Why Go Over?

Several years ago, I started the ‘Go Over’ process first introduced by Thomas MacEntee as the Genealogy Do Over. At the time I was making the transition from The Master Genealogist to RootsMagic and have since transitioned from RootsMagic 7 to RootsMagic 8. Sometimes, I wonder why I’m spending SO MUCH TIME going back thru ancestors already in my tree versus working to add more ancestors.

While working to update a narrative report on one of my third great grandfathers, John Minnick, I realized (again) why this process is beneficial. Not only do I have some inadequate sourcing, but I also had some inaccurate information.

The above image also illustrates the evolution of the standards for genealogy citations. This evolution is also illustrated in the books still in my library.

While possibly adequate at the time they were originally written, the sources highlighted in yellow are very inadequate by today’s standards. Fortunately, these items are readily available as digital images on the FamilySearch site. Thus, I can not only update the citation but retrieve a digital image and add a transcription of the record as a research note attached to the citation.

As I was working my way thru the deeds (highlighted in yellow), I discovered that my 1903 death notice from the Pennsylvania newspaper did not fit with the information I was gathering from the deeds.

“John Minnick,” Valley Spirit (Chambersburg, Pennsylvania), 13 May 1903, page 7; digital images, Newspapers.com (www.newspapers.com : viewed online 5 October 2020).

While the death notice supports that John Minnick was a shoe salesman living in Kewanee Illinois at the time of his death, it does not support when John Minnick migrated from Pennsylvania to Illinois. Instead of making that migration around 1878, there is an 1860 advertisement for John Minnick’s shoe store that indicates he had an established business in Kewanee prior to 1878. Thus, I had to delete my 1878 migration fact.

“Main Street Boot & Shoe Store,” Advertisement, Kewanee Advertiser (Kewanee, IL), 3 March 1860, page 6; digital images, Kewanee Public Library District (kewanee.advantage-preservation.com : viewed online 20 March 2022).

In addition, there is an 1856 deed for the purchase of land in Kewanee. Transcribing that deed revealed that John Minnick was a resident of Henry County at the time he purchased the land.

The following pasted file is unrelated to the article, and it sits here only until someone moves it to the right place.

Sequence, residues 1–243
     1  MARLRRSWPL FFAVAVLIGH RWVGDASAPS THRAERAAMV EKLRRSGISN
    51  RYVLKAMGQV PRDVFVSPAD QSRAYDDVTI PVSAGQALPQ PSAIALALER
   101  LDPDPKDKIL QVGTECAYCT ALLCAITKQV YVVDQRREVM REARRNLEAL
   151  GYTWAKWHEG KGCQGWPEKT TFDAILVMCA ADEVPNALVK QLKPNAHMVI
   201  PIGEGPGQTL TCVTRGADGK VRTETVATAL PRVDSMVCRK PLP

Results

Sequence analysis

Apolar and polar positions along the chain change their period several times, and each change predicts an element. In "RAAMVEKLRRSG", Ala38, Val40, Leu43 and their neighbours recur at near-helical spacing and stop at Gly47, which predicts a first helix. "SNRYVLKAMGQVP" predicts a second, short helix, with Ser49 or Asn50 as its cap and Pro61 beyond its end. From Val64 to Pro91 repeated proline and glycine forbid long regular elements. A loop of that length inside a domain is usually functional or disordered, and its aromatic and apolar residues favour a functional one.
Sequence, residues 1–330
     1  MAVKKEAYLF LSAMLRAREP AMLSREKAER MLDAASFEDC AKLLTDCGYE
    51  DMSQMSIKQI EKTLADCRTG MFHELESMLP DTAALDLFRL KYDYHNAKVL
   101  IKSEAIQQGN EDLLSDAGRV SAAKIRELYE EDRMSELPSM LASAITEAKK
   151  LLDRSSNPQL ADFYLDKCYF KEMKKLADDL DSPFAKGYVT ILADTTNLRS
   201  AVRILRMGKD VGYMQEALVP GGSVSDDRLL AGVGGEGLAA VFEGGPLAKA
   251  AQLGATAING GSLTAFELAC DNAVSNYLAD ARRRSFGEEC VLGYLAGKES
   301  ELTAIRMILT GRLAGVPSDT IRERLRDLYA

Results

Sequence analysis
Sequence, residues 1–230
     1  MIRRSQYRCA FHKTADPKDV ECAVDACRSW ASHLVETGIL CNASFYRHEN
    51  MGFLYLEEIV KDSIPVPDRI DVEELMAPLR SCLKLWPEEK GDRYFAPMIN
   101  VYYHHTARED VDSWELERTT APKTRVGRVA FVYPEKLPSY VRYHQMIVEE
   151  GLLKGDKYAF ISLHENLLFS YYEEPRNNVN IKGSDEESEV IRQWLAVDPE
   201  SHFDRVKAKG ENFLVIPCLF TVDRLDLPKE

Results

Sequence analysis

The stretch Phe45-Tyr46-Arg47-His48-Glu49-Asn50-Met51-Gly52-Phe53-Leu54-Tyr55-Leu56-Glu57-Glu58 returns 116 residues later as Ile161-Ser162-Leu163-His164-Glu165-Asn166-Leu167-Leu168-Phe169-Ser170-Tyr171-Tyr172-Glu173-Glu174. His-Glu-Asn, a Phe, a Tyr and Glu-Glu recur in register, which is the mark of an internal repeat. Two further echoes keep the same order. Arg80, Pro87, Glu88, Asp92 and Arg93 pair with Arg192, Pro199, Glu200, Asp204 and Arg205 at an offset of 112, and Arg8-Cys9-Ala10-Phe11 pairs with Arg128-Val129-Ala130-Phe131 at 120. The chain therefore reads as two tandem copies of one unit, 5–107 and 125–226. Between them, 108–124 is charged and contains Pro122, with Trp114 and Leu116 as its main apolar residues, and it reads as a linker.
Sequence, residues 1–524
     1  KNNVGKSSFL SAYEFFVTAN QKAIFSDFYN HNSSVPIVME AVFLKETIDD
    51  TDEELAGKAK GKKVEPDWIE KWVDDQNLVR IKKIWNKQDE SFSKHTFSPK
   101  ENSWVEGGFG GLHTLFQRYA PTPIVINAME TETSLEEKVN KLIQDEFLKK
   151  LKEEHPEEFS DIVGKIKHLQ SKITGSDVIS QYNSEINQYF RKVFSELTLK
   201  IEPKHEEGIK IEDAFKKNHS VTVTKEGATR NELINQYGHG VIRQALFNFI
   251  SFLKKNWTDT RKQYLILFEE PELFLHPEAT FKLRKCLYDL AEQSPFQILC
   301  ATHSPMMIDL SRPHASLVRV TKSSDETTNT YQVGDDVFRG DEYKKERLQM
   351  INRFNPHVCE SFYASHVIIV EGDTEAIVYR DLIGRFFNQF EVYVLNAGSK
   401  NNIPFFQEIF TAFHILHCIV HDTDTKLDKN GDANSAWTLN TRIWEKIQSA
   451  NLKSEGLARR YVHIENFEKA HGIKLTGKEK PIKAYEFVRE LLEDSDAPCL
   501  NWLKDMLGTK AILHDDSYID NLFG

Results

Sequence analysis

Know all men by these presents that I James Huchins of
the County of Henry and State of Illinois for and in consideration
of the sum of five hundred & fifteen dollars to be paid as follows
two hundred and ninety dollars down which is now received
and the ballance on the first day of April A.D. 1856 with
interest at six percent according to a note has this day agreed
to sell to John Minnick of the county of Henry and State
of Illinois the following tract of land to wit 60 feet off
from the east side of lot no 2 in block no 11 [Tenneys] ad-
dition to Kewanee Henry County Illinois together with the
appurtenances thereunto belonging in Kewanee Henry County
Illinois. Now provided the said John Minnick shall
well and truly pay or cause to be paid to the said James
Huchins at Kewanee the above sum of money at the
time above named the said James Huchins firmly binds
himself & heirs and executors under the penalty of one
thousand & thirty dollars to convey by a good deed of warranty
the above described tract of land to the said John Minnick
his heirs or assigns. If however the said John Minnick
shall not punctually pay the said sum at the time and
place above named then the said James Huchins reserves
to himself the right to ratify or confirm this agreement or not
Sealed and delivered this 7th day of June A.D. 1856
Jas Huchins (seal)

Illinois, Henry. Deeds, 1818-1912; indexes, 1836-1903. Film 1434984 Items 2-4 DGS 8576152. John Minnick, 1 April 1856 Vol 23: page 568; digital images, FamilySearch http://www.familysearch.org : viewed online 17 July 2022.

While going back thru my research in this manner I’ve also been able to switch many of my citations from citing my paper transcriptions to citing the digital records. Thus, I will continue this slow process of going over the information in my tree.

One thought on “Why Go Over?

  1. I too have been doing the same thing…earlier this year I migrated my database to Family Historian and have been rewriting citations and adding images etc. Slow work, but necessary. Of course, it will take years to go through everyone, but at least I have a project 😉

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